Ukraine War

BBC News Russia Editor Steve Rosenberg's Steve Hewlett Memorial Lecture: Risk, rigour and Russia

BBC News Russia editor Steve Rosenberg spoke via a sometimes erratic video link from Moscow, posing the question: “In today’s Russia, does a foreign correspondent still have the opportunity to do journalism?

Rosenberg joined the BBC’s Moscow Bureau as a producer in 1997 “at a time when Russia and the West were still partners – it’s very different now… in recent months, journalists from ‘unfriendly’ countries [largely the UK and the West] have been barred from major events such as the Victory Day Parade on Red Square.”

How the Ukraine war has changed the face of TV war reporting

If we ever needed reminding that truth is the first casualty of war the conflict in Ukraine has supplied an abundance of misinformation and propaganda. War has also, wrote the historian AJP Taylor, just as reliably been the mother of invention for everything from battlefield hardware to advances in conflict journalism.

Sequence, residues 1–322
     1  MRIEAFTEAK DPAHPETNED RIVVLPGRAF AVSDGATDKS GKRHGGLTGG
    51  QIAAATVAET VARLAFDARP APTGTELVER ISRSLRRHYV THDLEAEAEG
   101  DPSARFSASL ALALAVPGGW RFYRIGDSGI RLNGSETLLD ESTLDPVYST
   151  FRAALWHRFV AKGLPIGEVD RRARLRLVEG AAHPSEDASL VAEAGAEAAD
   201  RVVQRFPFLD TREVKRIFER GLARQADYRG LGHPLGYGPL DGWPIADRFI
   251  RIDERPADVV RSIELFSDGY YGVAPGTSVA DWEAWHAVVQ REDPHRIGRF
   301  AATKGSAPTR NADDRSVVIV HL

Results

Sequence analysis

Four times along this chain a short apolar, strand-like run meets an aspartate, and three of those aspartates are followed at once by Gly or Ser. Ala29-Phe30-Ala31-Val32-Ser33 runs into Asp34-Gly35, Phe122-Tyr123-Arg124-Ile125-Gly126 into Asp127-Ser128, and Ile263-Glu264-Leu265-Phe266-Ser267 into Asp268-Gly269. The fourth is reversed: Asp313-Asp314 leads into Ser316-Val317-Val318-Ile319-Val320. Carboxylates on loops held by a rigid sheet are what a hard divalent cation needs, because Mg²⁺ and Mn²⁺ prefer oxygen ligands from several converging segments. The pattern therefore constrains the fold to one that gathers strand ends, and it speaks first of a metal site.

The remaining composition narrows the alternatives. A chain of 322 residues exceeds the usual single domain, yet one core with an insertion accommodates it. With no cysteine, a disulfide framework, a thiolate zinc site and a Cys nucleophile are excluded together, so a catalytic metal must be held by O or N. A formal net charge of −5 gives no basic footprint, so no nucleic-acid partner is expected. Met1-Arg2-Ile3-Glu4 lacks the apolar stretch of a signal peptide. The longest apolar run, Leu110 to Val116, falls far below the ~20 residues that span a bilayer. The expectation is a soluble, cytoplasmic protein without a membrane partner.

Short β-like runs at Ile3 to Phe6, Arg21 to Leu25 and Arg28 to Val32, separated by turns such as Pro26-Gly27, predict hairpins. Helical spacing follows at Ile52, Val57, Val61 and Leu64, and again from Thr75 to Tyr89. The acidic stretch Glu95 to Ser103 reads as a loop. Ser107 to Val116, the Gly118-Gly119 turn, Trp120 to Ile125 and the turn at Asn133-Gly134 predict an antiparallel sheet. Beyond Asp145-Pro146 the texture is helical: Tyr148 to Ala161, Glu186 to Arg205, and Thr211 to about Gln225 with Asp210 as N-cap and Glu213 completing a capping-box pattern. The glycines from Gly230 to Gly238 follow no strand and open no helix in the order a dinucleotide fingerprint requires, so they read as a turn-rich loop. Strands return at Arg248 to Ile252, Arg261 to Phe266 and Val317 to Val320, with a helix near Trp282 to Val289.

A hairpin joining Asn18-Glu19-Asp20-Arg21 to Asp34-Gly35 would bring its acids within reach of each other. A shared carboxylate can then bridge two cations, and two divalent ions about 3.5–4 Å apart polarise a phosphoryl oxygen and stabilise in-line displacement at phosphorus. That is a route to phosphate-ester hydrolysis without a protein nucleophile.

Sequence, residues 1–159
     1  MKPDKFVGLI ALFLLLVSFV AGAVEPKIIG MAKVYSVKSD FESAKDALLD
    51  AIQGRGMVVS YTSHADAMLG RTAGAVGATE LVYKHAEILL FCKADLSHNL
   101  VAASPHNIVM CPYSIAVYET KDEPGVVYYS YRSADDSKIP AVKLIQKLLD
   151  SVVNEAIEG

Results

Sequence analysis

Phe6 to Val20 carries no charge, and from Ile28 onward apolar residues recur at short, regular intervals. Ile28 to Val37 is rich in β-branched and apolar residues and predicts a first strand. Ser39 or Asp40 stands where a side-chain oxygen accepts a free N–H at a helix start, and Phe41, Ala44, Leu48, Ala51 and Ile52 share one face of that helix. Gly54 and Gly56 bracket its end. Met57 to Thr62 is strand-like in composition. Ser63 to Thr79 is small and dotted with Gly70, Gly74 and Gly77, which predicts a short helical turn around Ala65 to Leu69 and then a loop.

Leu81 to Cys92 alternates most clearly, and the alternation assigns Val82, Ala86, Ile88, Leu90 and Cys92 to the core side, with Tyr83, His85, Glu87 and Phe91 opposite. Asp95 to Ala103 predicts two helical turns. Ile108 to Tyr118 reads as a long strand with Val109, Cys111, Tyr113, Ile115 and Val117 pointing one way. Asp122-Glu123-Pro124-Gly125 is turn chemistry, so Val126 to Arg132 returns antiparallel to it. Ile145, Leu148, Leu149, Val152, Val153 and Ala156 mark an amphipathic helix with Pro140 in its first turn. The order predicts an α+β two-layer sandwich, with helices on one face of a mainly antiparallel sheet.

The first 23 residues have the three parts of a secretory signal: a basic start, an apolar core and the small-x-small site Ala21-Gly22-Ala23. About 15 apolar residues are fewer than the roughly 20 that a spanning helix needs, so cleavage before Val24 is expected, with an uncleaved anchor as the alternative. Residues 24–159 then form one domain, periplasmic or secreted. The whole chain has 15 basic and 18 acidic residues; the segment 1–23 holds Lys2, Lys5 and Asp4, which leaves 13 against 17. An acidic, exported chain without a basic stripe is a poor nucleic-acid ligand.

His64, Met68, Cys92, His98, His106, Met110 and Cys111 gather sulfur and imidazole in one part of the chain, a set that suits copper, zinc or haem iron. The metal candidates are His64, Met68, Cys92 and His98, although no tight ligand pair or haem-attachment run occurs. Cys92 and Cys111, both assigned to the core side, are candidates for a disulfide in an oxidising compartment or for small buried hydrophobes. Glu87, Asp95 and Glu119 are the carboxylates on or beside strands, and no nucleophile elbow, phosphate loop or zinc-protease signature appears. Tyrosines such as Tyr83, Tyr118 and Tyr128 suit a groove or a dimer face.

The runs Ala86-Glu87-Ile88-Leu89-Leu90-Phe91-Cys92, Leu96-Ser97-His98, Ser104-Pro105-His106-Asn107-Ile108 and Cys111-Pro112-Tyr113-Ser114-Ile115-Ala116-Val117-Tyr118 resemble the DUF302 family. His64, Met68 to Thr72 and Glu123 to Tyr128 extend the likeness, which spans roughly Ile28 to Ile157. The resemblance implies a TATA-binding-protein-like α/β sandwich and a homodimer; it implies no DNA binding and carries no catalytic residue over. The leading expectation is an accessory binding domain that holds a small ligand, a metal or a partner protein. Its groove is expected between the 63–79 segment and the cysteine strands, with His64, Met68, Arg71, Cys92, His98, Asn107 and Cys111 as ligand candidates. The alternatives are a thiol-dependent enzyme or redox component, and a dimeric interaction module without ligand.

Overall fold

"I've been shot at more times than I can remember": Stuart Ramsay looks back on 30 years of frontline journalism

The Ukrainian government had been warning of Russian saboteurs infiltrating the country and attacking civilians in their cars as they fled. And so, apprehensive but with one eye still on the story, camera operator Richie Mockler started rolling.

Even now his footage makes for terrifying viewing. It begins with an ambiguous bang, before the team quickly realise they are being ambushed. Despite the hail of gunfire, they somehow all make it out alive, but not without Mockler and Ramsay both taking bullets.

New BBC World Service documentary exhibits Russians rallying against Ukraine War

After Russia’s war censorship laws were introduced following Putin’s invasion of Ukraine, it became virtually impossible to speak up against the war in Russia. Journalists fled the country, media outlets closed, and individuals began to be arrested as they criticised the conflict.

Storyville, Inside Russia: Traitors and Heroes follows one small, independent YouTube channel battling against this censorship. Two journalists document stories from the perspectives of a selection of Russian citizens throughout the past year of war.